'Intense phase' of Israel's war in Gaza over as focus shifts to Lebanon, says Netanyahu

Israeli Prime Minister Benjamin Netanyahu's comments contradict the US's stance on a ceasefire. Credit: AP

Israeli Prime Minister Benjamin Netanyahu has said the war against Hamas is winding down, as the country focuses on its border with Lebanon where fighting with the militant group Hezbollah is escalating.

While saying the "intense" part of Israel's war in Gaza is over, Netanyahu vowed Israel would continue a military operation until Hamas was eliminated.

“It doesn’t mean that the war is going to end, but the war in its current stage is going to end in Rafah... we will continue mowing the grass later,” Netanyahu told Channel 14 Television.

Israel’s military chief Lt. Gen. Herzi Halevi said, on Monday, that Israel is close to dismantling Hamas military brigades in the southern Gazan city of Rafah.

He claimed the country maintains “full control” over the Philadelphi Corridor, a strategic buffer zone along Gaza’s border with Egypt which Israel says is awash with tunnels that Hamas uses to smuggle weapons and other goods.

Mr Halevi said Israel’s control over the buffer zone will bring an end to that.

This success will mean Israel will likely turn its forces towards the Iranian-backed Hezbollah, who began striking the country almost immediately after Hamas’ October 7 cross-border attack.

The fighting has intensified in recent weeks, raising fears of a full-blown war.

Hezbollah is much stronger than Hamas, and opening a new front would raise the risk of a larger, region-wide war involving other Iranian proxies and perhaps Iran itself.

Netanyahu said he hoped a diplomatic solution to the crisis could be found but vowed to solve the problem “in a different way” if needed.

″We can fight on several fronts and we are prepared to do that,” he said.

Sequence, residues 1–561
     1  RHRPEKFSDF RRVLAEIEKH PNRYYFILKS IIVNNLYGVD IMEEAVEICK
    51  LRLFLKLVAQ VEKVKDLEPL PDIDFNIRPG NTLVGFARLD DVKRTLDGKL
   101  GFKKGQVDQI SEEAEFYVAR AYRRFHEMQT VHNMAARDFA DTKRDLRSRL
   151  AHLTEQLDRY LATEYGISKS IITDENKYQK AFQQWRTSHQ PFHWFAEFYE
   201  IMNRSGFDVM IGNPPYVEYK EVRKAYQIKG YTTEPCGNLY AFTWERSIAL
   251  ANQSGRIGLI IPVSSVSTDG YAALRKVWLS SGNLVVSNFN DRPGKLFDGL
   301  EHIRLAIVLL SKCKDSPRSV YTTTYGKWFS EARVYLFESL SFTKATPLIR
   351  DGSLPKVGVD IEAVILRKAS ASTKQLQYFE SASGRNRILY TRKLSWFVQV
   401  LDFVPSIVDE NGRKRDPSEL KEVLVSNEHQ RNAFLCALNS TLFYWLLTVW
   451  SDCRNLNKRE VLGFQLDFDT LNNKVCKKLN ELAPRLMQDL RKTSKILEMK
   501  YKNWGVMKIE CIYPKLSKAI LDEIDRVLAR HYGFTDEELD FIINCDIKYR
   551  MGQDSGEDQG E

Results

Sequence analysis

The Israeli leader said he is ready to make “a partial deal” with Hamas to return some hostages still being held captive in Gaza, but he reiterated his position that the war will still continue after a ceasefire “to achieve the goal of eliminating” Hamas.

The prime minister's comments are likely to throw the validity of the US-backed ceasefire deal into doubt and frustrate President Joe Biden.

Last month Biden presented a ceasefire deal he claimed Israel backed that was aimed at ending the war in Gaza.

The three-phased plan would bring about the release of the remaining hostages in exchange for hundreds of Palestinians imprisoned by Israel.

But disputes and mistrust persist between Israel and Hamas over how the deal plays out.

Hamas has insisted it will not release the remaining hostages unless there’s a permanent cease-fire and a full withdrawal of Israeli forces from Gaza.

Hezbollah has said it will continue battling Israel until a ceasefire is reached in Gaza.

The group’s leader, Hassan Nasrallah, warned Israel last week against launching a war, saying Hezbollah has new weapons and intelligence capabilities that could help it target more critical positions deeper inside Israel.

Hezbollah already has unveiled new weapons during the low-level fighting, including hard-to-defend attack drones that strike with little warning.

But Israel says it too has shown Hezbollah only a small part of its full capabilities, and that Lebanon will be turned into a second Gaza if there is a war. Israel’s army last week said it had “approved and validated” a new plan for a Lebanon offensive.

Hezbollah has been targeting towns in northern Israel. Credit: AP

At least 25 people were killed and a further 50 wounded in Israeli strikes on tent camps for displaced Palestinians near Rafah at the weekend, Gaza health officials have said in the latest attack on the city.

The International Committee of the Red Cross (ICRC) said the hospital was flooded with casualties, and it condemned the firing of “high-calibre projectiles” a few metres from the facility.

More than a million Palestinians took shelter in Rafah in the early part of the war before Israel started its air and ground operation in May despite international pressure.

Last month, the UN’s top court ordered Israel to immediately halt its controversial military operation there, calling the humanitarian situation “disastrous.”

Around 800,000 people have since been displaced from Rafah, where conditions have been described by the United Nations food agency as “apocalyptic.”

The city’s border crossing with Egypt - a vital entry point for humanitarian aid - has remained closed since the Israeli military seized it early last month.

Israel launched its air and ground invasion of Gaza immediately after Hamas’ October 7 attack, which killed some 1,200 people and took about 250 others hostage.

The Israeli offensive has killed over 37,000 Palestinians, unleashed a humanitarian crisis and triggered war crimes and genocide cases at the world’s top courts in The Hague.

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